Photo by bartb_pt
The month of Ramadan is upon Muslims once more. A month described in Islamic literature as better than a thousand months, when Satan is locked in shackles and the doors of Heaven are wide open – for those who wish to enter.
The Holy Qur’an lays down the main purpose of the month of fasting – to develop righteousness. It’s not easy to become a righteous person and so Ramadan is a period when good deeds are made easy and heavenly blessings are made accessible. Moreover, certain qualities which contribute to a person’s righteousness are developed.
Islam means complete submission to the Will of God which in turn leads to peace. Complete submission however cannot be attained without discipline and obedience.
In this month, Muslims are commanded to forgo food, wake up early, refrain from immoral talk or behavior and strive for betterment and increase in good deeds. This requires discipline which is brought about by forcing one’s self to rise early in the morning (or in the latter part of the night), sacrificing the comfort of the bed and offer prayer. Discipline isn’t something that can be developed over a day or even a week which is why Muslims are instructed to fast for an entire month.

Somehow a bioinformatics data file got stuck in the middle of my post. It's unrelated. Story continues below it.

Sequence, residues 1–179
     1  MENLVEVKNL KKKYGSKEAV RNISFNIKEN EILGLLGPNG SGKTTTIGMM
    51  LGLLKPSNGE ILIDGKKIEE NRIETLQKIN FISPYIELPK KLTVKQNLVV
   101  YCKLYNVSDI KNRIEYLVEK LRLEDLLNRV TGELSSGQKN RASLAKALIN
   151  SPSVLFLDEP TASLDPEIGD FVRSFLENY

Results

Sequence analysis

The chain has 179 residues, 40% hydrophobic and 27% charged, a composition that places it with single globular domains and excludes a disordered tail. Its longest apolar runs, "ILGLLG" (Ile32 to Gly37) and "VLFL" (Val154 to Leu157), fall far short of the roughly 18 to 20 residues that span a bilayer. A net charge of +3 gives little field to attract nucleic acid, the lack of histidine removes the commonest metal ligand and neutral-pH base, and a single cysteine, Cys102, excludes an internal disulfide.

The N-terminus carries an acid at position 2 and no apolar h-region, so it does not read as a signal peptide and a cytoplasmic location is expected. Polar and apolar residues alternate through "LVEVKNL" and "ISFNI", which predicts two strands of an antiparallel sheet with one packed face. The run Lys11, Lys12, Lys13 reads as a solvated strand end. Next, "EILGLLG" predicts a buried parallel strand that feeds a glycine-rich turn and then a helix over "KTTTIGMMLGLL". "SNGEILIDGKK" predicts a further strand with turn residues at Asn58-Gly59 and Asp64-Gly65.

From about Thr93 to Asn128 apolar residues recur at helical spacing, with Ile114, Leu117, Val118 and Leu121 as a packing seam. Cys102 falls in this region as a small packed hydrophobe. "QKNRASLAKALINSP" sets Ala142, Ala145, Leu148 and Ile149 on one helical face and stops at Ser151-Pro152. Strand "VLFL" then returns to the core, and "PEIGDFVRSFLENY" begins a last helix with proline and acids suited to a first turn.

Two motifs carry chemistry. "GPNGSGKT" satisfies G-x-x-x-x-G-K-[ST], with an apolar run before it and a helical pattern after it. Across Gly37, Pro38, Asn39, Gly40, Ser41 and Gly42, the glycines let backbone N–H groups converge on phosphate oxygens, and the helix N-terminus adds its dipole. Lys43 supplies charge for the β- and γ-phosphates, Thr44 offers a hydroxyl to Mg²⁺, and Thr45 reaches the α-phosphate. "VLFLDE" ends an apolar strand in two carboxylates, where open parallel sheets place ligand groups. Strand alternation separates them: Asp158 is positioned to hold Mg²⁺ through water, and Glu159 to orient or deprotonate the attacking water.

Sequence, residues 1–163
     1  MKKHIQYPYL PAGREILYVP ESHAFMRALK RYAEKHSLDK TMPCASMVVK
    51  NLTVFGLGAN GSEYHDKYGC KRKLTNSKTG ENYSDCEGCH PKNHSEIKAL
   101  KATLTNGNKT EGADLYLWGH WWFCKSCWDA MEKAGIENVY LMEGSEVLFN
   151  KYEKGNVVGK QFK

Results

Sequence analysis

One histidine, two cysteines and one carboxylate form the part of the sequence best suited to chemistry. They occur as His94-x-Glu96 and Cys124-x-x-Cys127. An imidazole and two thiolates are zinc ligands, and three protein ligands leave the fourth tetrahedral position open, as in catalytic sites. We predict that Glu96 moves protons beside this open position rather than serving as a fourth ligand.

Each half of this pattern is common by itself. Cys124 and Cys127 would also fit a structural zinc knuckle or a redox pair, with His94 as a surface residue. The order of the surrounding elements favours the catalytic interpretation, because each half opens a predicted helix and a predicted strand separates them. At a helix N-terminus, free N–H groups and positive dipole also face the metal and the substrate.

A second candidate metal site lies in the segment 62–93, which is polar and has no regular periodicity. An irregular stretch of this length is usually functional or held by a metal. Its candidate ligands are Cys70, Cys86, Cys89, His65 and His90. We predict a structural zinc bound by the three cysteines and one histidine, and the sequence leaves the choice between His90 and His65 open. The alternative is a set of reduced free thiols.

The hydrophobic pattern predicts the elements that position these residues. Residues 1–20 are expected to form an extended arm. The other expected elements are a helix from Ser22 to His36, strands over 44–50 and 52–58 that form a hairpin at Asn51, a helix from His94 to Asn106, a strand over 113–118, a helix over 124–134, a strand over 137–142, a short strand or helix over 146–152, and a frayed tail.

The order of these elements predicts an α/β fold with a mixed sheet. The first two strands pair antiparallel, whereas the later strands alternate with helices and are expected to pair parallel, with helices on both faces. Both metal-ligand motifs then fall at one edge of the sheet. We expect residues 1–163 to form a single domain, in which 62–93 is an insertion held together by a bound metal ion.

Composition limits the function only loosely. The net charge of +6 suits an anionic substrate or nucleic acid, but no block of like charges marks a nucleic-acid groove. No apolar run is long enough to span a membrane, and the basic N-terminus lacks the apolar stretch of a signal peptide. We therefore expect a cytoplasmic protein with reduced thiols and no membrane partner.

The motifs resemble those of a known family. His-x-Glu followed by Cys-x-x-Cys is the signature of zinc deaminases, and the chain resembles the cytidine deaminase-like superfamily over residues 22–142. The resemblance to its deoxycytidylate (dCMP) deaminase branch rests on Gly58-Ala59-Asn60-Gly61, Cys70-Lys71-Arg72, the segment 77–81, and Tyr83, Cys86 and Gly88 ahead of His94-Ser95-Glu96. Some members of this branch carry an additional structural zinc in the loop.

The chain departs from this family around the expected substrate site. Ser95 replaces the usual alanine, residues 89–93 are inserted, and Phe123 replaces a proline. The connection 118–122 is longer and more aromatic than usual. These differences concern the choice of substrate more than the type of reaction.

Cleanliness & Clarity
Muslims are taught to perform ablution before each prayer and be in a state of cleanliness as much as possible for outward cleanliness leads to inner cleanliness. This is why the Holy Prophet is reported to have said cleanliness is half of faith. The Qur’an similarly says:
‘Verily, he truly prospers who purifies himself’. (Ch.87:V.15)
Fasting is proven to cleanse the body of toxins and by forgoing food for a time, the body is assisted in repairing cells and utilizing energy in other areas. The body also burns fat to provide energy which leads to weight loss.
The NHS says ‘after a few days of the fast, higher levels of endorphins appear in the blood, making you more alert and giving an overall feeling of general mental wellbeing.’ Certainly, since food heavily affects the brain and our emotions, fasting helps in clearing out impurities and this detoxification results in an overall sense of wellbeing. That is if it’s done right though – by keeping to a balanced diet in the days of Ramadan.